Home / Analysis / Rise of the ‘secondary’ nat cat threat
15 April 2019
Losses aside, last December’s near $1.2 billion hailstorm in Sydney has a far more chilling message for Australian insurers: better get used to it.
Hailstorms like that and other “secondary” perils such as floods, bushfires, droughts and liquefaction will remain the biggest source of natural hazard losses, Swiss Re says in its latest Sigma report – Natural Catastrophes and Man-Made Disasters.
For the second year running, small and mid-sized events usually excluded from natural catastrophe risk models have combined to account for the majority of claims payouts.
These and spillover effects from primary perils such as cyclones and earthquakes made up more than 60% of the $US76 billion ($107 billion) insurers worldwide paid last year on natural catastrophe claims.
The Camp wildfire in California, which the industry labels secondary, was the single largest insurance loss event last year at $US12 billion ($16.8 billion).
“We expect that secondary perils (including river and storm surge floods) will, more and more, rank among the top loss-making events in any one year, and that this will happen sooner rather than later,” the Sigma report says.
Insurers need to get a better handle on this. Swiss Re says the industry’s laser-like focus on primary perils, because of the severe losses they cause, has led them to overlook hazards in the second tier.
“This means (re)insurers need to develop enhanced methods of risk measuring, monitoring and modelling to manage a different kind of natural perils result volatility, one that is more frequency-driven than severity-driven,” the report says.
This new approach must address the “strong underlying trend increase in both frequency and severity due to environmental and societal changes, particularly urbanisation. Failure to afford due recognition to these loss events and their underlying growth trend will, over time, risk facilitating increasingly more pronounced market dislocation.”
Growing urbanisation and the increase in climate change-influenced weather events, of which Australia has seen plenty in recent years, will bring an acceleration in the frequency and impact of secondary peril risks.
“Australia is heavily exposed to secondary perils,” Swiss Re’s Head of Property Treaty Underwriting for Australia and New Zealand David Sinai said.
“Sigma states that the growth in secondary peril insured losses is mostly due to concentration of exposure growth in larger cities, in coastal areas and on floodplains.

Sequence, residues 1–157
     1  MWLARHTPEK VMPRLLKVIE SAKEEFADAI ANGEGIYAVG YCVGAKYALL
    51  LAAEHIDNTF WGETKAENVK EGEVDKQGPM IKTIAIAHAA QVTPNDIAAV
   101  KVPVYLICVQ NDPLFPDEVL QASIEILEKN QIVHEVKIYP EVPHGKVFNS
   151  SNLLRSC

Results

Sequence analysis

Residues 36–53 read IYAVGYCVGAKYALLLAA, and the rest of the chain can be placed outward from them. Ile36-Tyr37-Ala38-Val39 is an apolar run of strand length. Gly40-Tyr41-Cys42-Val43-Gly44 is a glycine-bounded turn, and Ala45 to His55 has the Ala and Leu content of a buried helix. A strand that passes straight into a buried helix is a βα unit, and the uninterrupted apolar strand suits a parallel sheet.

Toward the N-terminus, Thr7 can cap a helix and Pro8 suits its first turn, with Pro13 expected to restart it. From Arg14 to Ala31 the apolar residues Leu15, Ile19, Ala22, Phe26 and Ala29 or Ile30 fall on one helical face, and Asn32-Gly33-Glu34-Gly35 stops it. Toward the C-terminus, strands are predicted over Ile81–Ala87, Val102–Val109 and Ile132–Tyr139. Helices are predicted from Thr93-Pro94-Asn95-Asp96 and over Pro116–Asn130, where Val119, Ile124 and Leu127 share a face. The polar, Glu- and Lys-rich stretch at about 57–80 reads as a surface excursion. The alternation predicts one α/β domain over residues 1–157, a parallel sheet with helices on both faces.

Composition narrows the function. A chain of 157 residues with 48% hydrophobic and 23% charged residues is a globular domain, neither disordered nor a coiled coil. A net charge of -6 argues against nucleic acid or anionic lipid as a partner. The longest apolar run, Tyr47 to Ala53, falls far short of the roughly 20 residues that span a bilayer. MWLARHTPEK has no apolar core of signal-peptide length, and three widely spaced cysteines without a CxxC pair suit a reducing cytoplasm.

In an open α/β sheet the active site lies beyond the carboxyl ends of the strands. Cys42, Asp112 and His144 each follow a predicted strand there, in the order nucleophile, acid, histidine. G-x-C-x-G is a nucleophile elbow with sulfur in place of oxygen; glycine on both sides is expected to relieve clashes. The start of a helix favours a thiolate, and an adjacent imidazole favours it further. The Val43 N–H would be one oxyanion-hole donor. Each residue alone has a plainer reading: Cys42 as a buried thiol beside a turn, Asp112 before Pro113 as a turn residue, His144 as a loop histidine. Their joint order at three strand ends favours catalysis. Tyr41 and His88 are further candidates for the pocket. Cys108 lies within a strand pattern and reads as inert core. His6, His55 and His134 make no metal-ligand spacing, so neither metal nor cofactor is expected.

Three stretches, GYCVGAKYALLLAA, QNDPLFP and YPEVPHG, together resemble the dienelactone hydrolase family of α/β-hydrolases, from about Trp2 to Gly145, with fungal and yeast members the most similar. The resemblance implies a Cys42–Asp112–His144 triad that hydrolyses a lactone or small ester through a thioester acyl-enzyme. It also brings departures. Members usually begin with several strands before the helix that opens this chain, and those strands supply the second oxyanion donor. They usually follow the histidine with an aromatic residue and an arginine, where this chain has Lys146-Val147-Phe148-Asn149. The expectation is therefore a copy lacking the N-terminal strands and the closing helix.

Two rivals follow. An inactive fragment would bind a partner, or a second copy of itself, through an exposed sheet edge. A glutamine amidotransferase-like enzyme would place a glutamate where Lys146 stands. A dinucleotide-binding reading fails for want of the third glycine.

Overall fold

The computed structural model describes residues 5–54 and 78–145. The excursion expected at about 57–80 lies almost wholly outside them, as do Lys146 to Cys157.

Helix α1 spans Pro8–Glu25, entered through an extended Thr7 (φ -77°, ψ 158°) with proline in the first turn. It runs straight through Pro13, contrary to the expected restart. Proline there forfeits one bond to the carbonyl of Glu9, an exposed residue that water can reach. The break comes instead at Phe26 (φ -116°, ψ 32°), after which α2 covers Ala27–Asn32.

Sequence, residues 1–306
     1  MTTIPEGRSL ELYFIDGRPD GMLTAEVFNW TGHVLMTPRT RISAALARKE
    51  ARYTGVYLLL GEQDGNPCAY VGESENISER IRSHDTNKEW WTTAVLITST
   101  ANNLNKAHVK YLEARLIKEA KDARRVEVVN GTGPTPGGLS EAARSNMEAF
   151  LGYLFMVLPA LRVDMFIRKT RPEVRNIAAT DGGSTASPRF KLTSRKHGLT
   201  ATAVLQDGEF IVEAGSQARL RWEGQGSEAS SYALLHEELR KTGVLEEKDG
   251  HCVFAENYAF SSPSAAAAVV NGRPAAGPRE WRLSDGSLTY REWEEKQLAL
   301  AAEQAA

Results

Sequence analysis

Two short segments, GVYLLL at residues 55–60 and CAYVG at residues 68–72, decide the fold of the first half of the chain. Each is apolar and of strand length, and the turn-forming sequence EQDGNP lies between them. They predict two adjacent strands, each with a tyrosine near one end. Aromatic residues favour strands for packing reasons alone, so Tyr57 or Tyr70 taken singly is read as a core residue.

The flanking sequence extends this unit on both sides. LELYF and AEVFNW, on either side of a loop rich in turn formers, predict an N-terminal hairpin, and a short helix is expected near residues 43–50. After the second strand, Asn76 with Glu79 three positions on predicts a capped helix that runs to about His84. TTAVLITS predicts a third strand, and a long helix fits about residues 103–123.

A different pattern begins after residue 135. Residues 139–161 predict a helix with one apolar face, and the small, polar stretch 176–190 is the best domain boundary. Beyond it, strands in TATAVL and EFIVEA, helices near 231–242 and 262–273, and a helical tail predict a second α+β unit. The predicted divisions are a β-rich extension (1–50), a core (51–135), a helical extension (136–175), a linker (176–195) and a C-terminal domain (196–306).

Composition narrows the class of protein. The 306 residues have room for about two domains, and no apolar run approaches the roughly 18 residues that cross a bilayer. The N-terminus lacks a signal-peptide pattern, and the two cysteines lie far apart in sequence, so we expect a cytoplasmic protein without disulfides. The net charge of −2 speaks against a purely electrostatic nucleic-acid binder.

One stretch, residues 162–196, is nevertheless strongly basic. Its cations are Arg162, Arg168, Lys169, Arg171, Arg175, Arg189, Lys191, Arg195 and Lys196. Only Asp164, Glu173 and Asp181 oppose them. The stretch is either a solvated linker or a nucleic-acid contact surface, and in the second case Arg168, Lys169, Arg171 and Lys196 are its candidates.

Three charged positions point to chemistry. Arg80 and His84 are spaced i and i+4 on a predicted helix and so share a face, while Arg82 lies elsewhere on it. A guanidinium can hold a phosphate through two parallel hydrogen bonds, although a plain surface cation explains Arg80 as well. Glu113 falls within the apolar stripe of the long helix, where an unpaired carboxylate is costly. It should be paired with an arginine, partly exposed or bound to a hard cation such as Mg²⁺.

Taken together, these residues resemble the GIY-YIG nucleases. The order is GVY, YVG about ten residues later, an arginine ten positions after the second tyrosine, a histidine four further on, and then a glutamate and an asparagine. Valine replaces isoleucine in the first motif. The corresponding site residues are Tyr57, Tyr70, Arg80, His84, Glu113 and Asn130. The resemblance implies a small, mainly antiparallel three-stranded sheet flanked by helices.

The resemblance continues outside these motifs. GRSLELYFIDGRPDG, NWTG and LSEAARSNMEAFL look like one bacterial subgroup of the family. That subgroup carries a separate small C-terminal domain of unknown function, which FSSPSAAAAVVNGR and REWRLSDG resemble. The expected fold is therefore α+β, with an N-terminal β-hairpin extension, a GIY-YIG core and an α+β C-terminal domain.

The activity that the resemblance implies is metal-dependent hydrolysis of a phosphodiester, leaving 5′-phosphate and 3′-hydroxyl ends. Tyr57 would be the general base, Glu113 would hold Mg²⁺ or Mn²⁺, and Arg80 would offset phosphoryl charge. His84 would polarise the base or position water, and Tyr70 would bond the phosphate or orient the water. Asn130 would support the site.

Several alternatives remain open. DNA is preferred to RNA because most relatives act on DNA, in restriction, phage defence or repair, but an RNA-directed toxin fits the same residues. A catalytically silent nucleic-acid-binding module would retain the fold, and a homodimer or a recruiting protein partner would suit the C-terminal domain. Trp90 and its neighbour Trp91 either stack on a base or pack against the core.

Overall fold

“Put simply, when we put more assets in harm’s way, we will see more losses.”
The Insurance Council of Australia’s data tallies with Swiss Re’s warning on the heavy financial toll secondary perils are inflicting, according to Mr Sinai.
About 67% of normalised insured losses tracked by the council since 1966/67 could be traced to secondary hazards. They account for 14 of the top 20 normalised loss events, and the 1999 Sydney hailstorm in Sydney ranks as the most costly at $5.6 billion.
“From this we can infer that the main driver of increased losses over time in Australia is growth in underlying exposures, which aligns with our Sigma research on global losses,” Mr Sinai said.
Swiss Re believes the industry needs to readjust its risk lens.
“Large losses from secondary perils are occurring more regularly,” Group Chief Underwriting Officer Edouard Schmid said.
“Secondary peril losses will accelerate due to ongoing urbanisation, also in areas exposed to flooding such as along coastlines and in river plains, development in areas vulnerable to fire risk such as wildland-urban interface, and also because of long-term climate change projections.
“This is a trend the insurance industry must act on so we can continue to underwrite catastrophe business sustainably.”
There is not enough evidence to link climate change directly to increased losses from secondary perils, or even primary hazards, but a warming planet certainly is not helping.
“With climate change, we expect that wildfires and drought will occur more frequently, and that tropical cyclones will possibly be more intense,” the Sigma report says.
“However, climate change itself is not the sole cause of huge resulting losses. Rather, it is the impact of population growth and urbanisation. Weather and other events become catastrophes only when they hit densely populated areas.
“The probability of heavy losses, given growing concentration of economic assets in densely populated towns and cities, has likewise multiplied.”